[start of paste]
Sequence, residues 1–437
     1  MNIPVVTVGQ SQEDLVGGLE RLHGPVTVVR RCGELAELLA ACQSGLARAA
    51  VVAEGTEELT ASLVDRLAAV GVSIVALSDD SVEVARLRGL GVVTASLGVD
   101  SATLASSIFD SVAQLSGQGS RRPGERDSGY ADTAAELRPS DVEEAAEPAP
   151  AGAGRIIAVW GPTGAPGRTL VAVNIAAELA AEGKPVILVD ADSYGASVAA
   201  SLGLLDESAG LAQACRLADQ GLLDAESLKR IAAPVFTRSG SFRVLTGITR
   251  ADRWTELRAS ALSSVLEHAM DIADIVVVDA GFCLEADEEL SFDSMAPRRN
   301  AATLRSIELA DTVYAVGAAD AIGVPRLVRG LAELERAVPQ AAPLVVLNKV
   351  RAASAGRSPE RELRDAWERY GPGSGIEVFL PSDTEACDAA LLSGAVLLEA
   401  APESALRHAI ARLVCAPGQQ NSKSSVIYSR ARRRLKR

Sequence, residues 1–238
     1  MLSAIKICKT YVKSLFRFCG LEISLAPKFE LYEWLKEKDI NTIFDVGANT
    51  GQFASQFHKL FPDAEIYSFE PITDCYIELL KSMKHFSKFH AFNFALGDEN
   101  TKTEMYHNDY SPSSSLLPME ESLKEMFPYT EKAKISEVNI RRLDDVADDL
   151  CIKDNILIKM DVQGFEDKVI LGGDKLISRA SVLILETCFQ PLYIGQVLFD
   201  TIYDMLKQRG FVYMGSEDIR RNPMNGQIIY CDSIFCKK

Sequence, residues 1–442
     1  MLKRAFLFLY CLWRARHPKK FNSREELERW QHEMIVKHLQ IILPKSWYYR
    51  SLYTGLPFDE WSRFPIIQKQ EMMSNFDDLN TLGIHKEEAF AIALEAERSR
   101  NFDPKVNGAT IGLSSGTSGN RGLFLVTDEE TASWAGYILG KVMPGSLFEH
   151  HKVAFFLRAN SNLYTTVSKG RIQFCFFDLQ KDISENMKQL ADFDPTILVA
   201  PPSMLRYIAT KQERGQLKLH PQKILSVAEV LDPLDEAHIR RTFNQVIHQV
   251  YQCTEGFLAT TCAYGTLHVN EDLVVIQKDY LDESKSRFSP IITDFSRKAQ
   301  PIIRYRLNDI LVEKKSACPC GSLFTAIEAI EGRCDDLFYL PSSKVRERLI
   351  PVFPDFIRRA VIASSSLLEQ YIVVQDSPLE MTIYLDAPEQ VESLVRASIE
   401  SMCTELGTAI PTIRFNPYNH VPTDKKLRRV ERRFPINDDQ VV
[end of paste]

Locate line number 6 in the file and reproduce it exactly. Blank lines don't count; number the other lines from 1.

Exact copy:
   201  SLGLLDESAG LAQACRLADQ GLLDAESLKR IAAPVFTRSG SFRVLTGITR